It also seems unlikely that on one hand the hacker that broke into the system takes credit for the hack, referencing the name Guardians of Peace (GOP), but the North Korean government denies involvement. If the North Korean government is behind it, but they don’t want to take credit, why would they want an entity they hired to leave a name along with a motive leading right back to them? Because they’re inept? If you follow that line of reasoning, how were they “ept” enough to perpetrate the most humongous hack of all time?

141201-kim-jong-un-computer-kns-1130_b391bb41ce08c9145a088fbaa7554157.nbcnews-fp-1040-600There’s more to this than meets the eye. It’s likely we’ll hear more about The Hack, who did it, how and why in the near future. And while my preference is not to blame the victim, especially when the stakes are so high and the losses so great, it’s difficult to avoid the conclusion that when more is known, Sony will ultimately accept (or wrongly avoid) significant responsibility for what happened.

The trail of information leading up to The Hack point to far too many deficiencies in Sony Studio’s Security policies, strategies and leadership. Because of this, it’s likely that the consequences could have been reduced significantly under a more proactive, better funded, and/or more talented security team. For starters, the Sony IT Executive under-estimated the value of his own job and the assets he was hired to protect. And he did it on the record.

If the company knew that it had been breached before, it should have investigated the hack in 2011, reinforced firewalls, revised security protocols and best practices, including advising against Password.doc. You can monitor traffic in and out of a corporate network. If data is flowing out unsupervised, at weird hours, in high volume, or to suspicious IP addresses, you can do something about it. Clever naming practices, complex data organization and infrastructure, obfuscation measures and red herrings can protect assets like critical e-mails, financial information, and James Bond scripts. Wasn’t anyone watching the gates?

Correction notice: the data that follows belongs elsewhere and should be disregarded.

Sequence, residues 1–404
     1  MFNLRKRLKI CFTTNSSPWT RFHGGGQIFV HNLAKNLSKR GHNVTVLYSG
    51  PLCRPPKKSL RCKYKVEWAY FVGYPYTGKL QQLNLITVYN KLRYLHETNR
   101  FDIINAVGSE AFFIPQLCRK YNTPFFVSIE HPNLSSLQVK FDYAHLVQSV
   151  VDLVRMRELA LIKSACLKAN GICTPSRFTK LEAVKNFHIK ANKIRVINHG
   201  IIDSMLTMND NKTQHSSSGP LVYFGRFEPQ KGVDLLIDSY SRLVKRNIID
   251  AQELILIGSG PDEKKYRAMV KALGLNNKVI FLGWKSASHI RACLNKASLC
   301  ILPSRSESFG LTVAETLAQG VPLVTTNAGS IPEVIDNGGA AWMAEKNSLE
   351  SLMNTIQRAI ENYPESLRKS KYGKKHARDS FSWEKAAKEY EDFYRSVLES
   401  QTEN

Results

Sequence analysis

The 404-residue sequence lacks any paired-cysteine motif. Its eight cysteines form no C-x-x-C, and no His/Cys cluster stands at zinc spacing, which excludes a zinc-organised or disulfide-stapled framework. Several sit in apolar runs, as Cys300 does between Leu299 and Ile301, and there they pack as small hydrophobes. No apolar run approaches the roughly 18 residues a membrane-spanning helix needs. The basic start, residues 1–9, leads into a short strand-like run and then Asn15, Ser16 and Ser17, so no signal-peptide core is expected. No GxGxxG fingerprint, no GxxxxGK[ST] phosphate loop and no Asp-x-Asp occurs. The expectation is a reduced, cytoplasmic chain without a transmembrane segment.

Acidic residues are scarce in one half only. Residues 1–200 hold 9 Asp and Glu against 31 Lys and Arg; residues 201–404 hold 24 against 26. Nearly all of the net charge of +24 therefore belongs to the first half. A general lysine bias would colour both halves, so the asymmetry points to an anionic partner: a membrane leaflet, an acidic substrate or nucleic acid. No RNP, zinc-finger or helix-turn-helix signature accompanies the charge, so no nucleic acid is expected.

Sure it’s easier to call out a solution, or to point fingers in hindsight. But the job of the Security Professional is to be Proactive. If it ain’t broke, and it matters to you, you should be trying to break it from just about every angle to avoid having an outsider break it first. Fixing a mess like this is never a pleasant task.

And whatever you do, if breakage might be a problem for you, even if your boss, your boss’ boss, and your boss’, boss’ boss tells you that you’re not going to get the money you need to secure the digital assets of your multi-billion dollar corporation, never, ever, ever go on the record saying that your half-ass, penny-wise, pound-foolish IT non-strategy is an acceptable business risk. It’s like telling the army attacking your castle that you’ve decided not to fill the moat and that the Southern wall is made of paper mâché. You might as well be leaving the door open, ringing a bell and saying: “Come and get it!!”